Salugu Panchayat is an interior pocket of the Paderu Mandal. The altitude in this region ranges from 600 to 900 m. The panchayat consists of 24 villages and hamlets belonging to different tribal groups like the Bagatas, Valmikis, Nookadoras, Kondadoras, Konda Kammaras and Khonds. The total population of the panchayat is 2,500. Apart from paddy, agriculture is primarily on dry land. Minor cereals, millets, pulses, redgram, and oilseeds like niger and castor, are the main cash crops. Shifting cultivation is widely practiced in this panchayat.

Collection of NWFPs is widespread in the villages of Salugu Panchayat. The area has rich natural forests consisting of mango, tamarind, jack, custard (Annona squamosa), lemon, cleaning nut or induga (Strychnos potatorum), karaka, kanuga, gum karaya (Sterculia urens), adda leaves for plate making, rosewood (Dalbergia latifolia) and bamboo. Tamarind is collected by men and women. On average a family earns Rs. 200 to 600 (US$ 6 to 18) per tamarind tree. In this area, tribals collect NWFPs nine months out of the year. Women collect adda leaves and may spend 7 hours a day collecting the leaves when they are in season. These leaves are dried for 2 days, packed into 50 kg shoulder loads for men and 30 kg for women to be carried to the weekly market. A shoulder load of leaves fetches anywhere between Rs. 50 (US$ 1.50) and Rs. 120 (US$ 3.60) depending on the season and quality of the leaves. Each tribal household requires 20 to 25 headloads of firewood for cooking and keeping themselves warm in the winter. While women gather fallen branches and twigs, men cut trees for firewood. Cattle are taken up to 5 to 6 km into the forest for grazing. Children and women graze the cattle 20 days per month and the men take the cattle out the remaining 10 days. It is not uncommon for women and children to collect NWFPs while they are out with the cattle in the forest.

Sarugudu Panchayat is closer to the plains but is one of the better forested areas. The panchayat has 16 villages with a population of 600 families. Tribal groups include Bagatas, Kondakapus, Konda Kammaras, Konda Doras and Valmikis. The elevation in this region varies between 150 and 450 m.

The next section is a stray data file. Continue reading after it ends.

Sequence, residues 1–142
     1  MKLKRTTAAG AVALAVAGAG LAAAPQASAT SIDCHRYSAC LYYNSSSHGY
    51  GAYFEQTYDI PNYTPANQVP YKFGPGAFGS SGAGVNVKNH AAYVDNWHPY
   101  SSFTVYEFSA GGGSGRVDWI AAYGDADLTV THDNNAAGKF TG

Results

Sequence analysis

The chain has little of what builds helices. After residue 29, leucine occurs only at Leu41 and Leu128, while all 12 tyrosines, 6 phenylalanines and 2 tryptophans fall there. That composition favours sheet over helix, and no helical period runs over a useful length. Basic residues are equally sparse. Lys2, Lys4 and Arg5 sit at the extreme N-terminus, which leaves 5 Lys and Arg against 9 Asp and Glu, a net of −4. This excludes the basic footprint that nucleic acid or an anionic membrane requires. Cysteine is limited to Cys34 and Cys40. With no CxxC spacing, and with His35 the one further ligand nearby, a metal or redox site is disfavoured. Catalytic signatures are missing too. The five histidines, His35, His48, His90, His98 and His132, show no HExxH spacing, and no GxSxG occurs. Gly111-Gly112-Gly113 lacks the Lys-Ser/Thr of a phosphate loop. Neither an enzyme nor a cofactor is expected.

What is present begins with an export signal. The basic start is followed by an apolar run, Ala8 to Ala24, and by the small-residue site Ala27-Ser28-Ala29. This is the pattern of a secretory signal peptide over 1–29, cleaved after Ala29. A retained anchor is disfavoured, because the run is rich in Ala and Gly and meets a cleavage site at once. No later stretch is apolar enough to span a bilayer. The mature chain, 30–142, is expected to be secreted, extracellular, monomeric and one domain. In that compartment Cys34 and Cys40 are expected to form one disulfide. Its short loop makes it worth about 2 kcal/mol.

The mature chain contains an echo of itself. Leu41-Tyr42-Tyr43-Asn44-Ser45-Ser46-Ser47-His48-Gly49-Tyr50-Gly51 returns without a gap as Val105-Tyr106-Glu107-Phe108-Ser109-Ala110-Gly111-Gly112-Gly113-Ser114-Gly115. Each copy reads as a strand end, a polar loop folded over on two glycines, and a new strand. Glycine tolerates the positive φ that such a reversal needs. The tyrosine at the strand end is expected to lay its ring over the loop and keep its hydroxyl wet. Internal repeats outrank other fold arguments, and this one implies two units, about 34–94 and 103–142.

The forest-based economy is vibrant in and around Sarugudu Panchayat. NWFPs gathered include tamarind, gum karaya, marking nuts, honey, kanuga, cleaning nuts and soap nuts (Sapindus emarginatus). Households depend on NWFP collection for 6 months in a year. Gum karaya is very lucrative as it fetches a good price (US$ 4.00 per kg) at the government sponsored cooperative. While women are primarily responsible for collecting most of the forest produce, it is men and boys who are responsible for cattle grazing. Collecting forest products for construction and maintenance of houses is the responsibility of both men and women, whereas women collect all of the firewood.

It is evident from the description of forest dependence in these four panchayats that tribal household survival is inextricably bound to forests. This is so even in areas where forests have receded. Moreover, it is the women and children who transform the forests to meet both subsistence and income needs of a tribal household. Women and children in all of these panchayats engage in NWFP and fuelwood collection to a greater extent than men. Men, on the other hand, are primarily responsible for house construction and agriculture. Much of the collection of NWFPs, fuelwood and fodder is undertaken in forests and common lands adjoining the villages. When forests and commons are highly degraded, as in Sovva Panchayat, women and men travel long distances to obtain the necessary fuel, fodder, food, and medicinal plants.